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Herodotus And ?Rhampsinitus And The Thief? Essay, Research Paper

Herodotus and ?Rhampsinitus and the Thief?

BY: Layla Brown

Herodotus, the first Greek historian, has been

called by some “the father of history” and

by others “the father of lies.” Born in 485 B.C to

a wealthy family at Halicarnassus, in Asia Minor,

he was exiled to Samos soon after his birth because

of his family?s opposition to the Persian

domination of Ionia. During his youth, he traveled

widely, studying the manners, customs, and

religions of the people he encountered. His

histories are made up of tales told to him by

people from Egypt, Syria, Babylon, Colchis,

Paeonian and Macedonia.

He was criticized by several ancient writers for

creating stories and passing them off as the truth.

Herodotus is most famous for the nine books he

wrote on the rise of the Persian Empire, the

Persian invasion of Greece in 490 BC and 480 BC,

and the final Greek victory. Although it received

quite a lot of praise and is still considered a

masterpiece, it?s trustworthiness has been

questioned both in ancient and modern times.

The story that I?m covering is of Rhampsinitus

and the Thief (pg. 277). This is a tale that

Herodotus learned in Egypt and many believe that

this anecdote was told to him by Egyptian priests,

claiming it a true story. Herodotus, himself,

didn?t actually believe this particular story but

he felt it was his duty to report what he was told.

Now, for those of you who didn?t read it, I?ll

quickly give a brief synopsis of the story.

A dying father tells his two sons how to break into

the king?s vault, which he, himself, built. The

father then dies, leaving the family with no way to

support themselves. So the two sons begin their

thieving. They manage to escape with the treasure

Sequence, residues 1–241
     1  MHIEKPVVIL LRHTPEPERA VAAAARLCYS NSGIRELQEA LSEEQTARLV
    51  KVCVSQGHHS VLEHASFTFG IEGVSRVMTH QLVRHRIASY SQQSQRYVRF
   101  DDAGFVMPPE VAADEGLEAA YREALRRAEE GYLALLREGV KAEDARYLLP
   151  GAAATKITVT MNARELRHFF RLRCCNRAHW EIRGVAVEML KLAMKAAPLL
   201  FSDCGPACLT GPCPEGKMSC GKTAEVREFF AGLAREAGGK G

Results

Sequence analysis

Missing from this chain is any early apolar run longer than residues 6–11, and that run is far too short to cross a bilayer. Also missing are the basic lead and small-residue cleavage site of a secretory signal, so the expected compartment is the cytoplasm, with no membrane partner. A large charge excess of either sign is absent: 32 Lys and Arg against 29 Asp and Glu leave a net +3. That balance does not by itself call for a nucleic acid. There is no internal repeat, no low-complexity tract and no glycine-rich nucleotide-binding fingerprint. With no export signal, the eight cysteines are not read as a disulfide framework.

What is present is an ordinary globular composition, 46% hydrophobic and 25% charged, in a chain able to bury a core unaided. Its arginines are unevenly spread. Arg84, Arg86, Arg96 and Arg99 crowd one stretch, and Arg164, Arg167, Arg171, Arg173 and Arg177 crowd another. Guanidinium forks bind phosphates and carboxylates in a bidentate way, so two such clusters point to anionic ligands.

three times before the king sets up a trap, in

which one of the brothers gets caught. At his

captured brother?s urging, the other brother cuts

his sibling?s head off, taking it with his, so the

family?s identity would not be known. The next day,

the king was bewildered at the sight of a headless

thief. He then ordered his sentries to hang the

body on the outer wall and arrest anybody seen

mourning the headless corpse.

The two thieves? mother, so absolutely distraught

over the death of her son, threatens her surviving

son, saying that if he didn?t collect the his

brother?s body, she would turn him in herself. With

that, he quickly devised a plan. He got two donkeys

and filled some skins with wine, draping them over

the two animal?s backs. When he reached where his

brother hung and where the sentinels stood guard,

he pulled down the corners of the skins, letting

the wine pour to the ground. He then began to

panic, pretending that he didn?t know what to do.

The guards saw this wine running freely and ran,

with buckets in hand to collect the wine, with the

intention to drink it all themselves. The thief,

pretending to be furious, began to scream and yell

at the guards. The guards, wanting to keep their

wine and not create a fuss with the boy, invited

him to drink with them. Then the guards become to

drunk to stay up and pass out, leaving the thief to

take down his brother?s body, and to shave each of

the guard?s beards, ridiculing them.

The king was furious at what the thief had done,

so he sets his daughter in a room with the order to

consort with all the men that came to her. But